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Search results for: What-A-Racket

USA-AMISH/TV
RTR42POC
August 17, 2014
An Amish family walks to their friends' house for a visit as seen on a buggy tour through Lancaster County,...
Bird in Hand, UNITED STATES
An Amish family walks to their friends' house for a visit as seen on a buggy tour through Lancaster County,...
An Amish family walks to their friends' house for a visit as seen on a buggy tour through Lancaster County, Pennsylvania August 9, 2014. It's that Old World charm of the Amish that draws 8 million tourists - and $1.9 billion - each year to Pennsylvania's Lancaster County, home of the nation's largest Amish community of 31,000. What the Amish don't do, supporters say, is tote rifles as part of a violent protection racket - as depicted in the television show "Amish Mafia" - or regularly defy their religion, like in "Breaking Amish" and "Breaking Amish: Brave New World." And, Amish horror stories are not the norm, despite the plot lines of the upcoming "Amish Haunting." Filmmaker Mary Haverstick is leading a push to eject the shows, airing on the Discovery Channel and related networks, from Lancaster County. The movement is gathering support because of what some see as a demeaning, inaccurate portrayal of the gentle, devout group. But some wonder if the hard-edged reality TV approach is that different from the soft exploitation of the Amish by the local tourism industry. In both, the Amish are unpaid, costumed "extras." Picture taken August 9, 2014. REUTERS/Mark Makela (UNITED STATES - Tags: ANIMALS AGRICULTURE RELIGION MEDIA ENTERTAINMENT)
USA-AMISH/TV
RTR42PO2
August 17, 2014
An Amish boy jumps on a trampoline at his home in Lancaster County, Pennsylvania August 9, 2014. It's...
Bird in Hand, UNITED STATES
An Amish boy jumps on a trampoline at his home in Lancaster County, Pennsylvania
An Amish boy jumps on a trampoline at his home in Lancaster County, Pennsylvania August 9, 2014. It's that Old World charm of the Amish that draws 8 million tourists - and $1.9 billion - each year to Pennsylvania's Lancaster County, home of the nation's largest Amish community of 31,000. What the Amish don't do, supporters say, is tote rifles as part of a violent protection racket - as depicted in the television show "Amish Mafia" - or regularly defy their religion, like in "Breaking Amish" and "Breaking Amish: Brave New World." And, Amish horror stories are not the norm, despite the plot lines of the upcoming "Amish Haunting." Filmmaker Mary Haverstick is leading a push to eject the shows, airing on the Discovery Channel and related networks, from Lancaster County. The movement is gathering support because of what some see as a demeaning, inaccurate portrayal of the gentle, devout group. But some wonder if the hard-edged reality TV approach is that different from the soft exploitation of the Amish by the local tourism industry. In both, the Amish are unpaid, costumed "extras." Picture taken August 9, 2014. REUTERS/Mark Makela (UNITED STATES - Tags: RELIGION ENTERTAINMENT MEDIA)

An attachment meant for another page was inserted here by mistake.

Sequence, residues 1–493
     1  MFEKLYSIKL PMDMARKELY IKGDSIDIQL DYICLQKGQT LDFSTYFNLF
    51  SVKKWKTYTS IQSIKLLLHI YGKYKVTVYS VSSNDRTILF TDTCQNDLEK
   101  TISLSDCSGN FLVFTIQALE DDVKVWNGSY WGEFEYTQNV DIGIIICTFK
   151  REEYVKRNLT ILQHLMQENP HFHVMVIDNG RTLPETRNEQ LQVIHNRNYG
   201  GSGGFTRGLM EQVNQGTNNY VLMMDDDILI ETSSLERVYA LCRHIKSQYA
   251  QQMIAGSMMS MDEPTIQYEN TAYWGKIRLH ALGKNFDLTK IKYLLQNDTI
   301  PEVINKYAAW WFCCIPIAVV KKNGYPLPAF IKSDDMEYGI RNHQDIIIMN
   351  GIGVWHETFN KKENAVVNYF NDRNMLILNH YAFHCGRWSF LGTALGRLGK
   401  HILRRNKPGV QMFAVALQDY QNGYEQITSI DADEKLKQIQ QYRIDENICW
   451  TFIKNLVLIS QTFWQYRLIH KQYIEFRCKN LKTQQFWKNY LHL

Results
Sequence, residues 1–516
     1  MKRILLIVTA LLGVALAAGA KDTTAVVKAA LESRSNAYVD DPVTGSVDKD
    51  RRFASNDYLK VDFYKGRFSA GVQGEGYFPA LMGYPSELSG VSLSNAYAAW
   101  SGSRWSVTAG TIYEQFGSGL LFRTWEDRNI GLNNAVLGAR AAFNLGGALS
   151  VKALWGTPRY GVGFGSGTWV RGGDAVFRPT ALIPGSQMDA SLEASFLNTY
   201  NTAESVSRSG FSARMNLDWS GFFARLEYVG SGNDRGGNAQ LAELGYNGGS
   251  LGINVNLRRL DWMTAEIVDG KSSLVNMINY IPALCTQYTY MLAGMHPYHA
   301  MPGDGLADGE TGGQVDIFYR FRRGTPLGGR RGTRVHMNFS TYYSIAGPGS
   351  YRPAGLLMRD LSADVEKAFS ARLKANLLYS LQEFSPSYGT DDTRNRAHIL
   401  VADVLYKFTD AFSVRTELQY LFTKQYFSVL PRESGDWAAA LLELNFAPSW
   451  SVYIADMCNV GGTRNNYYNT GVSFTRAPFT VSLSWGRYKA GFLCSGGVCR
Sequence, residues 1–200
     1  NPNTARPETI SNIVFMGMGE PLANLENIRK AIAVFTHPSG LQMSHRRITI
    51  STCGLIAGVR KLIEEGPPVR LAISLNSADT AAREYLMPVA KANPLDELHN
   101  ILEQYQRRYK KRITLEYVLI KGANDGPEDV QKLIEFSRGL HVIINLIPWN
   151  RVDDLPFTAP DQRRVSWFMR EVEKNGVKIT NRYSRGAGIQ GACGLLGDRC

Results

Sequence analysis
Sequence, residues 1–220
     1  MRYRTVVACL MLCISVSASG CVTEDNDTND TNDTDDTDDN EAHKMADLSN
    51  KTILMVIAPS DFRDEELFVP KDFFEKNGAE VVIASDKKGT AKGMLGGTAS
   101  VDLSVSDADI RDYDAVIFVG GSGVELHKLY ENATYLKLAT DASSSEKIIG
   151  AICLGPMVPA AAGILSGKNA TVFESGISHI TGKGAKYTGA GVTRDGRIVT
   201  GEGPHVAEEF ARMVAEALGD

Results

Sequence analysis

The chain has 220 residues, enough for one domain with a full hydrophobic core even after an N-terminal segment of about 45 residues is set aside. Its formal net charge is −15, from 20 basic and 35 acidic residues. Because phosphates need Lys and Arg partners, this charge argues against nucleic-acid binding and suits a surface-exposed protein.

USA-AMISH/TV
RTR42PO1
August 17, 2014
A silhouetted Amish man waits during his buggy tour in Lancaster County, Pennsylvania August 9, 2014....
Bird in Hand, UNITED STATES
A silhouetted Amish man waits during his buggy tour in Lancaster County, Pennsylvaniaty
A silhouetted Amish man waits during his buggy tour in Lancaster County, Pennsylvania August 9, 2014. It's that Old World charm of the Amish that draws 8 million tourists - and $1.9 billion - each year to Pennsylvania's Lancaster County, home of the nation's largest Amish community of 31,000. What the Amish don't do, supporters say, is tote rifles as part of a violent protection racket - as depicted in the television show "Amish Mafia" - or regularly defy their religion, like in "Breaking Amish" and "Breaking Amish: Brave New World." And, Amish horror stories are not the norm, despite the plot lines of the upcoming "Amish Haunting." Filmmaker Mary Haverstick is leading a push to eject the shows, airing on the Discovery Channel and related networks, from Lancaster County. The movement is gathering support because of what some see as a demeaning, inaccurate portrayal of the gentle, devout group. But some wonder if the hard-edged reality TV approach is that different from the soft exploitation of the Amish by the local tourism industry. In both, the Amish are unpaid, costumed "extras." Picture taken August 9, 2014. REUTERS/Mark Makela (UNITED STATES - Tags: RELIGION MEDIA EDUCATION ENTERTAINMENT TRAVEL)